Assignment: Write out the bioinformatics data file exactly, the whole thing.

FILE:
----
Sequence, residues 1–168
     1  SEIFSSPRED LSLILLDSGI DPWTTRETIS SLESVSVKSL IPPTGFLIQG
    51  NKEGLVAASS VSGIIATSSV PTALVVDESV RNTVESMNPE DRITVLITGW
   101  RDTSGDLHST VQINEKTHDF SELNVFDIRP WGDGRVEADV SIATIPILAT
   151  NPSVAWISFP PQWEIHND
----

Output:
Sequence, residues 1–168
     1  SEIFSSPRED LSLILLDSGI DPWTTRETIS SLESVSVKSL IPPTGFLIQG
    51  NKEGLVAASS VSGIIATSSV PTALVVDESV RNTVESMNPE DRITVLITGW
   101  RDTSGDLHST VQINEKTHDF SELNVFDIRP WGDGRVEADV SIATIPILAT
   151  NPSVAWISFP PQWEIHND